BJ's Wholesale Club Makes a Risky Decision to Spurn Sale Offer

Last Updated Nov 18, 2010 2:42 PM EST

BJ's Wholesale Club is a profitable company in a tough spot -- it always looks bad in comparison to its much larger and more profitable club-store competitors, Costco Wholesale Corp. (COST) and Walmart (WMT) division Sam's Club. Which is why its recent decision to turn down a going-private buyout offer from one of the best names in retail private equity may come back to haunt BJ's management.

The offer came from Leonard Green & Partners, which had bought up nearly 10 percent of BJ's stock prior to making the offer. For background, Green is a retail specialist with money in many well-known retail brands, currently including Whole Foods Market (WFMI), Del Taco, The Container Store and David's Bridal. They're known as one of the sharpest operators for turning around retail brands, investing some money, cleaning them up, and reaping profits.

Instead of taking the Green offer, BJ's has opted instead to hold an auction to try to solicit better offers. That's a move they may need to do just to satisfy shareholders that they're getting the best price on their stock when a sale happens.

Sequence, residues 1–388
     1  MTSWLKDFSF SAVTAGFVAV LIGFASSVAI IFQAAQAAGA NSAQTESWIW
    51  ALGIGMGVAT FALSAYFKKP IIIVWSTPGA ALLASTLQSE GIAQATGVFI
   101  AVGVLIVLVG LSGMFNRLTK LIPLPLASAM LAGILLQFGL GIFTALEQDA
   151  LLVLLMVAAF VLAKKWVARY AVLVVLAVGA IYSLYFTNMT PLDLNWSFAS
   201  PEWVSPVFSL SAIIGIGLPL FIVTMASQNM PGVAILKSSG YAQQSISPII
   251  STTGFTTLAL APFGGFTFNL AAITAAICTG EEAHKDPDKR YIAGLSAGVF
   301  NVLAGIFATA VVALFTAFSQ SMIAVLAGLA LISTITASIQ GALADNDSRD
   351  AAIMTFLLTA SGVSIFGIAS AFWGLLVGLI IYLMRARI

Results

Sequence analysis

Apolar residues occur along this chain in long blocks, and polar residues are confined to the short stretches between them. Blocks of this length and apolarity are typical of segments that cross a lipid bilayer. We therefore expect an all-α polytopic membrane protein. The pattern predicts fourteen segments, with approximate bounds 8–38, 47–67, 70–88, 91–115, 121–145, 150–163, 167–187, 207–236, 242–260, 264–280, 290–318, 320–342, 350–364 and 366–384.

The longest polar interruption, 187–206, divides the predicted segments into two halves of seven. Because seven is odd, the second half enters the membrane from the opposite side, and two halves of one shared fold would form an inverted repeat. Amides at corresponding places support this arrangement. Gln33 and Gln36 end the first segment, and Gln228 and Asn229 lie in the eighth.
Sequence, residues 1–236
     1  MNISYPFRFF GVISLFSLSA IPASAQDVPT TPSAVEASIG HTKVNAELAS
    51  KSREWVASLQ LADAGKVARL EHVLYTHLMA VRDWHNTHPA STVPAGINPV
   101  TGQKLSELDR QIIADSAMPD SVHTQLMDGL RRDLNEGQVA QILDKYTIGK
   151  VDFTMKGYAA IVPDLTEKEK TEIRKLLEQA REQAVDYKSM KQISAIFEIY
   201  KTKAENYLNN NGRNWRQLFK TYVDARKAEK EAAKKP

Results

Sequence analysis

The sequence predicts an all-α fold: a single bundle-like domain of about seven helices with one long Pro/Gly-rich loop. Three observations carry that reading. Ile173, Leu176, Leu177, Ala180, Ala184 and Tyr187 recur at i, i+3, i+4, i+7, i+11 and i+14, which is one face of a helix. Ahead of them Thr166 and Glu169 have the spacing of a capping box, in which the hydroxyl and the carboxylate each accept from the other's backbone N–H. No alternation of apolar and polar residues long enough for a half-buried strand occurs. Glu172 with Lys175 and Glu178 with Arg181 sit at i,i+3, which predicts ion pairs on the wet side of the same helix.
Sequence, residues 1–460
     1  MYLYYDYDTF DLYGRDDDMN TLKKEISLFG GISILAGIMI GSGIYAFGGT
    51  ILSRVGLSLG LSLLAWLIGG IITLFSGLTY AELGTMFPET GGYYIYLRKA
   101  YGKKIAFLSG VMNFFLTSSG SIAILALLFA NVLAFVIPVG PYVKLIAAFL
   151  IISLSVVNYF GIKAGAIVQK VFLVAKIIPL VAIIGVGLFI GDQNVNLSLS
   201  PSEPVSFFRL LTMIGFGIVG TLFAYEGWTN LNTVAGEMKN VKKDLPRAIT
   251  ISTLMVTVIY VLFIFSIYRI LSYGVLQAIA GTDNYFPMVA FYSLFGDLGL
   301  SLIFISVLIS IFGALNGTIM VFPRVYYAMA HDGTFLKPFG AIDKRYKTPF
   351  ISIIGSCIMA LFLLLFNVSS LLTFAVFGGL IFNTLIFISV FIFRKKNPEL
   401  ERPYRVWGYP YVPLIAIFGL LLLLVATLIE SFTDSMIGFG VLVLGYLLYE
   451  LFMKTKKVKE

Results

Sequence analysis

But this is going to be one of those situations where what's best for the current shareholders may not be best for the company in the long run. The decision to seek other offers has probably pissed off Green -- now a major investor -- and the reality is there aren't that many other potential bidders. There are under a dozen really strong private-equity firms that have the expertise to make BJ's a success, and few others have Green's track record. Bain Capital comes to mind...and not many others. So BJ's has set up a scenario where they may get a higher offer, which shareholders will push for them to accept so they get a big payday. But another bidder may not have what it takes to help BJ's thrive in the future.

Another negative possible scenario here is that BJ's could get no other offers, leaving managers to crawl back to Green and beg to sell them the company again. That situation would give BJ's a very weak hand to play. Shareholders could end up wishing they just took the initial deal.

In the meanwhile, BJ's is doing all it can to put a positive spin on its future. It raised its forecast this week after announcing its quarterly figures, and said it will raise its membership price $5 to $50. That last is a move that could backfire in this economy, but for now it allows BJ's to project rising income that's pure profit. We'll see if private-equity firms buy it -- and take an interest in buying BJ's.

Photo via Flickr user NNECAPA
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  • Carol Tice

    Carol Tice is a longtime business reporter whose work has appeared in Entrepreneur, The Seattle Times, and Nation's Restaurant News, among others. Online sites she's written for include Allbusiness.com and Yahoo!Hotjobs. She blogs about the business of writing at Make a Living Writing.